Small satellites

Components of a typical picosat

Artwork: The smallest satellites are about the same size as squared-off tennis balls. This slightly bigger one has miniaturized antennas, a camera, solar cells, and rockets packed into a box measuring 13 × 13 × 25cm (5 ×5 × 10in) and weighs 3.7kg (8lb). It was the very last satellite launched from the Space Shuttle Atlantis when it flew its final mission, STS-135, in July 2011. Photo courtesy of NASA.

Think of a space satellite and you’ll probably think of a giant shiny can roughly the size of a truck. But not all satellites are so big. In the last two decades, ingenious engineers have been experimenting with tiny space-bound instruments that are smaller, simpler, cheaper, bolder, more experimental, and less risky to launch. In 1999, Bob Twiggs, then a professor at Stanford University, kicked off this downshifting trend when he proposed CubeSat, a satellite built from standardized modules in 10cm cubes, though even smaller satellites have been built since then. Today, it’s quite common to read about picosats (generally weighing up to 1kg), nanosats (up to 10 kg), microsats (up to 100kg) and minisats (up to 500 kg). In 2017, NASA launched the world’s smallest picosat, weighing just 64g, packed into a 3.8cm cube, and entirely manufactured using a 3D-printer. Will satellites get even smaller in future? Not so fast! There are serious concerns that picosats are too small to monitor properly and could present a major risk to other spacecraft if they turn into unpredictable space debris.

Who invented satellites?

A blue Soviet stamp of the Sputnik satellite

Artwork: Soviet engineers were the first to build a working satellite, Sputnik, and put it into space in 1957. Stamps like this celebrated that stunning achievement. Artwork believed to be in the public domain, courtesy of Wikimedia Commons.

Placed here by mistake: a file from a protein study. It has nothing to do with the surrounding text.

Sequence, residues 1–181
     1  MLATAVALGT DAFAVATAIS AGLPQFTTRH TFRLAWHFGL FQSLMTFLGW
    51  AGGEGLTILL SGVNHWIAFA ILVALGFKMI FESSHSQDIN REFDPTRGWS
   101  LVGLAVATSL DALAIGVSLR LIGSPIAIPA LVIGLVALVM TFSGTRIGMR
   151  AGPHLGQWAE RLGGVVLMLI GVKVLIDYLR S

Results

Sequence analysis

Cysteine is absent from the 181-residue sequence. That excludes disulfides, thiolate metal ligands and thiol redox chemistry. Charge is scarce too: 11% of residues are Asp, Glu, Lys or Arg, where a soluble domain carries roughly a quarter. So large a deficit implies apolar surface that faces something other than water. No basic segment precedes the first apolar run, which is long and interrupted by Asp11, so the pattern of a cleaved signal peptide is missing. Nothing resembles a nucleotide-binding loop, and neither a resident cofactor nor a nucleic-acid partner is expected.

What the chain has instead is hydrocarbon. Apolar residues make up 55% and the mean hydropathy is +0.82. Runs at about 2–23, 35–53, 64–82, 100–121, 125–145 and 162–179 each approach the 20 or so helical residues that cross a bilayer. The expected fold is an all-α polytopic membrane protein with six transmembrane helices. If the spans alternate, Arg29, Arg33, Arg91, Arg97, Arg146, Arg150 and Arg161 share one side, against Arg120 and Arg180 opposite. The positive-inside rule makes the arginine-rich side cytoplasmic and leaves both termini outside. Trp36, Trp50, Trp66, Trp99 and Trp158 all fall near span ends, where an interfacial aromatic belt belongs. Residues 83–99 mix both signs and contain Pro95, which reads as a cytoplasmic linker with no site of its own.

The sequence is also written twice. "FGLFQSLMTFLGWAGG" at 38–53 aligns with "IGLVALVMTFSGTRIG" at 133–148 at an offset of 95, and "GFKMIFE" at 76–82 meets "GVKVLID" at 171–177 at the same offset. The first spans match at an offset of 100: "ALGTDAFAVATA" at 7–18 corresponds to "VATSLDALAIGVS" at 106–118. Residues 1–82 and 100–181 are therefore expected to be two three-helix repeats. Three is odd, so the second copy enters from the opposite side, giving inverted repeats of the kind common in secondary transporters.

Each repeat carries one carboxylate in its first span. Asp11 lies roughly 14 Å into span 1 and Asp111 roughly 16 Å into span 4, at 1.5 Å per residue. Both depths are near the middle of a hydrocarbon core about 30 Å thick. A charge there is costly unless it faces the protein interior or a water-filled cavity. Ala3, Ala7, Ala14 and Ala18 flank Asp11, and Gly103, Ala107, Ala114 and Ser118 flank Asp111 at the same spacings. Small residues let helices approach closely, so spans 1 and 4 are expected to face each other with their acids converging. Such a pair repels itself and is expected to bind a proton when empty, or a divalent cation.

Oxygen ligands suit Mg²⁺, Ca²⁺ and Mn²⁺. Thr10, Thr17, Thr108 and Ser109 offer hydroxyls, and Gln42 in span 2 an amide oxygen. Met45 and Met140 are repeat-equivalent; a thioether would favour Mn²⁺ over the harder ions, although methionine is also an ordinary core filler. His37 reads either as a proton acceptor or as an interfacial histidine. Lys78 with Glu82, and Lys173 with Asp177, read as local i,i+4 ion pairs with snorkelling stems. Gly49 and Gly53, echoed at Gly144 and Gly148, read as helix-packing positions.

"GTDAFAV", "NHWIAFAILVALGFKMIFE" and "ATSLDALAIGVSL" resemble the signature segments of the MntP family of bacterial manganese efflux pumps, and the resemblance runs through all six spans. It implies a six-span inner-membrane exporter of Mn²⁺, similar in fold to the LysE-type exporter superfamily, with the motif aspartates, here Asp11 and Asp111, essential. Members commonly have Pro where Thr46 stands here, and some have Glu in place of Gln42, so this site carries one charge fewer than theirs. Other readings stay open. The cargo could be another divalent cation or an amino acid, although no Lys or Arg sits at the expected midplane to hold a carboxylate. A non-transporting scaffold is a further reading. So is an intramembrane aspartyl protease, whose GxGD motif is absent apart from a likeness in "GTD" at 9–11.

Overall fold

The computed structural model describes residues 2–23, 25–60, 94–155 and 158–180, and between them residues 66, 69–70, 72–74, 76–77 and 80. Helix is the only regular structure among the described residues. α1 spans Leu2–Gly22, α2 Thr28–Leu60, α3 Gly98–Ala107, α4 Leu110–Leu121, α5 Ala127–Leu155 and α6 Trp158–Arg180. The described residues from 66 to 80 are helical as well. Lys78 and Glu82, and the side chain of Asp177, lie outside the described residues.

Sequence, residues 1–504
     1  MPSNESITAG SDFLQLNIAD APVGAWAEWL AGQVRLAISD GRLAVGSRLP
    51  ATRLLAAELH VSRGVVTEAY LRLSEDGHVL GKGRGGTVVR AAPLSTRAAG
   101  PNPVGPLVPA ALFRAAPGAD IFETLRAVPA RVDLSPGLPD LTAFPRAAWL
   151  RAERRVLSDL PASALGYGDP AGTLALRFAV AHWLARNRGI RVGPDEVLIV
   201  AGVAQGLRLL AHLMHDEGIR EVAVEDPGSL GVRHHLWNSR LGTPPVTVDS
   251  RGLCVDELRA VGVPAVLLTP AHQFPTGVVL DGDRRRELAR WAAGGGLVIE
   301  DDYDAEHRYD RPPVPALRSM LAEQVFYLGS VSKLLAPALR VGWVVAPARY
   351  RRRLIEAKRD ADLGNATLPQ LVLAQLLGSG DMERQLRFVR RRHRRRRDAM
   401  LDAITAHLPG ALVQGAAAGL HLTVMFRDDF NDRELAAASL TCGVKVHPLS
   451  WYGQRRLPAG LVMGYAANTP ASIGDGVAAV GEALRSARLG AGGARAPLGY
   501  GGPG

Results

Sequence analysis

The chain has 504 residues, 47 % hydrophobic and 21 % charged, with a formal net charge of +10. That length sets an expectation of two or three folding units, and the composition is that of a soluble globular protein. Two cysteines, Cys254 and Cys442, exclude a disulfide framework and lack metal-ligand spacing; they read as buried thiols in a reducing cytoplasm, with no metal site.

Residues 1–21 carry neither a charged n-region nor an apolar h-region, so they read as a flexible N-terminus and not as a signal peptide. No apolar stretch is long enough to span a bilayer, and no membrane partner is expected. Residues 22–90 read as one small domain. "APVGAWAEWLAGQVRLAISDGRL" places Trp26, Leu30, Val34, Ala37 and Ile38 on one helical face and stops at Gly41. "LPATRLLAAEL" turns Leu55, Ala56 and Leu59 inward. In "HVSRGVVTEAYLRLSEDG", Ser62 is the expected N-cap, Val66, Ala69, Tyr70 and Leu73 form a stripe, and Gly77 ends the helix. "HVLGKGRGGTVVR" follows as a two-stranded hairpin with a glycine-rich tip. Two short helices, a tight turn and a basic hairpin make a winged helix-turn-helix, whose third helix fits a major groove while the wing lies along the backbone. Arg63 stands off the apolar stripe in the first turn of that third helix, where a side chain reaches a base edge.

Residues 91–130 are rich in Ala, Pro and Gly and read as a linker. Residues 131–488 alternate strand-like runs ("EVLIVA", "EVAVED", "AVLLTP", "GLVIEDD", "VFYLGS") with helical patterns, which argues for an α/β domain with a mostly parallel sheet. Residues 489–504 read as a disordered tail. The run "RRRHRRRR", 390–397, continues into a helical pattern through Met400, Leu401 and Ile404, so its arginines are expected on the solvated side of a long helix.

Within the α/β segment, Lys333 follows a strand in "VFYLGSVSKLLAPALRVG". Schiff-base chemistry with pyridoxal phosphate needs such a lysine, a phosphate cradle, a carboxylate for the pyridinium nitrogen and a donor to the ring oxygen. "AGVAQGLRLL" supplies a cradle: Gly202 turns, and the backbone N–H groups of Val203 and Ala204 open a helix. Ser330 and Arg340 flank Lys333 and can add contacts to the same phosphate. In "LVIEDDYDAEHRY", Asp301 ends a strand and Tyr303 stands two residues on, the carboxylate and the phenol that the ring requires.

The idea of using a satellite as a mirror in space—to bounce signals from one side of Earth to the other—was “launched” in 1945 by science fiction author Arthur C. Clarke (1917–2008), who wrote two hugely influential articles setting out his plan in detail (one was unpublished, the other published as “Extra-Terrestrial Relays: Can Rocket Stations Give World-Wide Radio Coverage?” in Wireless World, October 1945). His proposal was to place three satellites in a geosynchronous orbit 35,000km (23,000 miles) above Earth, spaced out evenly to cover about a third of the planet each: one would cover Africa and Europe, a second would cover China and Asia, and a third would be dedicated to the Americas. Although Clarke didn’t patent the geostationary communications satellite, he is generally credited with its invention, even though other space pioneers (notably German wartime pioneer Herman Oberth) had proposed similar ideas years before.

The Echo communications satellite pictured at NASA's Langley Research Center, 1960.

Photo: Echoes of history: Designed by NASA, the Echo communications satellite was a giant mylar balloon some 30m (100ft) in diameter designed to sit in space and bounce signals back like a mirror. You can see how big it is from the size of the car and people at the bottom, which I’ve colored red to help you pick them out. Picture courtesy of NASA on The Commons.

It took another decade for Clarke’s bold plan to move toward reality. First, satellites themselves had to be proved viable; that happened with the launch of the Russian Sputnik 1 in October 1957. Three years later, when the Echo communications satellite was launched, engineers successfully demonstrated that radio telecommunications signals could be relayed into space and back, just as Clarke had predicted. Telstar, the first communications satellite, was launched in July 1962 and immediately revolutionized transatlantic telecommunications. During the mid-1960s, 11 nations came together to form INTELSAT (International Telecommunications Satellite Consortium), which launched the world’s first commercial communications satellite INTELSAT 1 (“Early Bird”), in geosychronous orbit, in April 1965. This modest little space machine was a tiny electronic miracle: weighing just 35kg (76 lb), it could transmit 240 telephone simultaneous calls or a single black-and-white TV channel.

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For those of you interested in deeper technical detail, here are a few representative examples of patented satellite designs from the last few decades:

Satellite images of Earth

  • USGS Landsat: Explore satellite photos of Earth with the US Geological Survey’s Landsat satellite.
  • DigitalGlobe: Another good source of satellite photos of Earth.
  • Google Earth: Google’s ambitious plan to map the planet in 3D.

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Text copyright © Chris Woodford 2006, 2019. All rights reserved. Full copyright notice and terms of use.